Manga

Manga (漫画?) are comics created in Japan, or by Japanese creators in the Japanese language, conforming to a style developed in Japan in the late 19th century. They have a long, complex pre-history in earlier Japanese art.

In Japan, people of all ages read manga. The medium includes works in a broad range of genres: action-adventure, romance, sports and games, historical drama, comedy, science fiction and fantasy, mystery, suspense, detective, horror, sexuality, and business/commerce, among others. Since the 1950s, manga has steadily become a major part of the Japanese publishing industry, representing a ¥406 billion market in Japan in 2007 (approximately $3.6 billion) and ¥420 billion ($5.5 billion) in 2009. Manga have also gained a significant worldwide audience. In Europe and the Middle East the market is worth $250 million. In 2008, in the U.S. and Canada, manga market was valued at $175 million. The markets in France and the United States are about the same size. Manga stories are typically printed in black-and-white, although some full-color manga exist (e.g. Colorful). In Japan, manga are usually serialized in large manga magazines, often containing many stories, each presented in a single episode to be continued in the next issue. If the series is successful, collected chapters may be republished in paperback books called tankōbon. A manga artist (mangaka in Japanese) typically works with a few assistants in a small studio and is associated with a creative editor from a commercial publishing company. If a manga series is popular enough, it may be animated after or even during its run. Sometimes manga are drawn centering on previously existing live-action or animated films.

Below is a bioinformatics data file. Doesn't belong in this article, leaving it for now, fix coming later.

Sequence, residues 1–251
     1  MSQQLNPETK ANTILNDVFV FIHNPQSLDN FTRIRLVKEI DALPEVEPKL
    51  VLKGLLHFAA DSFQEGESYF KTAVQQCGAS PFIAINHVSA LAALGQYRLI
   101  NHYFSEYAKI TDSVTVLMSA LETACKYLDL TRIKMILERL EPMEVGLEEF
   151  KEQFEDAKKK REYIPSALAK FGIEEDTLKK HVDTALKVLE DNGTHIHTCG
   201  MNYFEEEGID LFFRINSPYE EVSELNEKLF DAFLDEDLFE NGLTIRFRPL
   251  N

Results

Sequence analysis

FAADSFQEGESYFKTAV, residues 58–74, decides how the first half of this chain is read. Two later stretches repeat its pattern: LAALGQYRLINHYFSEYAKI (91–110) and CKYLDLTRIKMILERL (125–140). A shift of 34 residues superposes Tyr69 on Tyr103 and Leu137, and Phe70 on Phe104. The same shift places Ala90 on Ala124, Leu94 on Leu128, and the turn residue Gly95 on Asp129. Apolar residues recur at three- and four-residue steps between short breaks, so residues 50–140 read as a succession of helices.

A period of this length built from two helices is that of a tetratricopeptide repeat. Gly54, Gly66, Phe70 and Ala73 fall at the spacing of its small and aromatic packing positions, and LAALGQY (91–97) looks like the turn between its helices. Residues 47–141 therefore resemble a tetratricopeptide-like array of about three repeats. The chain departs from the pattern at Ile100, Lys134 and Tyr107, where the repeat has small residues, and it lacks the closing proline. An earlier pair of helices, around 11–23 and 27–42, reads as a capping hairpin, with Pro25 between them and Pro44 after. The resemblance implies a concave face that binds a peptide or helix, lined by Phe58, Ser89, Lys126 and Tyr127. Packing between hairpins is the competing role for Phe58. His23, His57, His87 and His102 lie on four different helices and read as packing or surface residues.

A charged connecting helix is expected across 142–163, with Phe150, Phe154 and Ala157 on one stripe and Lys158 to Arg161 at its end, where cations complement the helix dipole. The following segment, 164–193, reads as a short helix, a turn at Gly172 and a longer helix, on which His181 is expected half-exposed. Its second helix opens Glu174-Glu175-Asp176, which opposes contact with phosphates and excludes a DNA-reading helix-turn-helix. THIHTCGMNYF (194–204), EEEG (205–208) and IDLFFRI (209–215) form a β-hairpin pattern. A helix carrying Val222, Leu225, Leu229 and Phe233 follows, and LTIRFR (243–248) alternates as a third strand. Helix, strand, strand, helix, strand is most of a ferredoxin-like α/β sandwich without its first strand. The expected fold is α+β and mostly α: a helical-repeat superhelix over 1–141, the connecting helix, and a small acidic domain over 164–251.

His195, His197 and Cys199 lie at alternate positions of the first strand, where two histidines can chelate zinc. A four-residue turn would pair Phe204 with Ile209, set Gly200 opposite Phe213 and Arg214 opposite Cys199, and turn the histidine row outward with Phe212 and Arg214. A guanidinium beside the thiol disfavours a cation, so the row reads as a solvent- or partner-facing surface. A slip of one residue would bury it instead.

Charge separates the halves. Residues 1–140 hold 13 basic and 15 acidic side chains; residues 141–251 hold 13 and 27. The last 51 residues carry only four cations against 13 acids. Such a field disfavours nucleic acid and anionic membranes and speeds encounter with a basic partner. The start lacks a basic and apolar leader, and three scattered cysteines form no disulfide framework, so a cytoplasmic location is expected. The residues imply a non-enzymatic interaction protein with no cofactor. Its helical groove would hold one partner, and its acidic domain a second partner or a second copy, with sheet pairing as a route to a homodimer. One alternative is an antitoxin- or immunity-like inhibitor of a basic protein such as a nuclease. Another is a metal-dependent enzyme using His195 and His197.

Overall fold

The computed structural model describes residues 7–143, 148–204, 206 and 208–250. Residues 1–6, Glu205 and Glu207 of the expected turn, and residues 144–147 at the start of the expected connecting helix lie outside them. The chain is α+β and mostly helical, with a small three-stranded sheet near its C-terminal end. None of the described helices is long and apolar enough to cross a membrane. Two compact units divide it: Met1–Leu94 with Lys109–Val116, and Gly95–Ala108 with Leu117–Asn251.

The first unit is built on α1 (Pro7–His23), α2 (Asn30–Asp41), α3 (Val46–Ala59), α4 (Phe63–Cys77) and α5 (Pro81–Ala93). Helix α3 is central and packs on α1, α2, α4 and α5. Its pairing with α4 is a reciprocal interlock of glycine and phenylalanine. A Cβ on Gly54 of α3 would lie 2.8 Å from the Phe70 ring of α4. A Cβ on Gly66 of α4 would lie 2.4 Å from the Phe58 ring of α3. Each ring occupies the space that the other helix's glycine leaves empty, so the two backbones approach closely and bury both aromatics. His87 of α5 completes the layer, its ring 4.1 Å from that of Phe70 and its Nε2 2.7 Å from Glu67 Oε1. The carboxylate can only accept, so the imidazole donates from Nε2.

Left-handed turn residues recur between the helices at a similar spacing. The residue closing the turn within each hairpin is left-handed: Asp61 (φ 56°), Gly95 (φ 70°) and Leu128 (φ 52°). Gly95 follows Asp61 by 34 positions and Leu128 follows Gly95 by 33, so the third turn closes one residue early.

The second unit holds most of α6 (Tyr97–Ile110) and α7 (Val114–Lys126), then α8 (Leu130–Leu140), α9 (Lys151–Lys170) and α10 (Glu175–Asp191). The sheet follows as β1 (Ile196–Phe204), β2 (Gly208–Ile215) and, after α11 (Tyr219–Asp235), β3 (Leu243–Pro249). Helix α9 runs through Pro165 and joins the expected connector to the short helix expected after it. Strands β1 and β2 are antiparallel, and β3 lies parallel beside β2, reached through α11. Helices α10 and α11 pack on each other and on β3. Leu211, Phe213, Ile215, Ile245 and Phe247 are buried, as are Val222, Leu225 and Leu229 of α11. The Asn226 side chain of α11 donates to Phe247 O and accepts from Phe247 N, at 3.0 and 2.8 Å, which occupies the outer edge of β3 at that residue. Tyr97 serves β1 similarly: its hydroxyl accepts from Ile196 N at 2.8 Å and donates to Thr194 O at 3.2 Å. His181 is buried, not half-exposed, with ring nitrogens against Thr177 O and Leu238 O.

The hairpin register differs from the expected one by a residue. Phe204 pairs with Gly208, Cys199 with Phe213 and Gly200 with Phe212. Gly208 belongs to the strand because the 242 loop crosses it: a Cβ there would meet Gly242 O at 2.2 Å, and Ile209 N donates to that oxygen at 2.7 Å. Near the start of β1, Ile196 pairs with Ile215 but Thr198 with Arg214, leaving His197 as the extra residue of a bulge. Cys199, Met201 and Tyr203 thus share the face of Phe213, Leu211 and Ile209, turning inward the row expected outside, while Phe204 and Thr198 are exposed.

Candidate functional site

The term manga (kanji: 漫画; hiragana: まんが; katakana: マンガ; listen; /ˈmɑːŋɡə/ or /ˈmæŋɡə/) is a Japanese word referring both to comics and cartooning. "Manga" as a term used outside Japan refers specifically to comics originally published in Japan.

Manga-influenced comics, among original works, exist in other parts of the world, particularly in Taiwan ("manhua"), South Korea ("manhwa"), and China, notably Hong Kong ("manhua"). In France, "la nouvelle manga" has developed as a form of bande dessinée comics drawn in styles influenced by manga.

Read more about Manga:  Etymology, History and Characteristics, Publications, International Markets, Localized Manga, Awards

Other articles related to "manga":

Mamoru Oshii - Other Work
... to his directing work, Oshii is a prolific screenwriter and author of manga and novels ... As well as writing the Kerberos series of manga, Oshii wrote the script for the manga Seraphim 266,613,336 Wings illustrated by Satoshi Kon ...
Speed Racer - Manga and Anime Differences - Continuity Changes
... Most of the stories from the manga that were adapted to the anime were given slight changes ... change of events, or new events seen only in the manga ... adapted into the anime series, thus making them manga exclusives ...
Manga - Awards
... The Japanese manga industry grants a large number of awards, mostly sponsored by publishers, with the winning prize usually including publication of the winning ... Examples of these awards include the Akatsuka Award for humorous manga the Dengeki Comic Grand Prix for one-shot manga the Kodansha Manga Award (multiple genre awards) the Seiun Award for ...
Ojamajo Doremi Series - Media - Manga
... From 1999 to early 2003, the manga magazine Nakayoshi ran a manga-adaptation of Ojamajo Doremi ...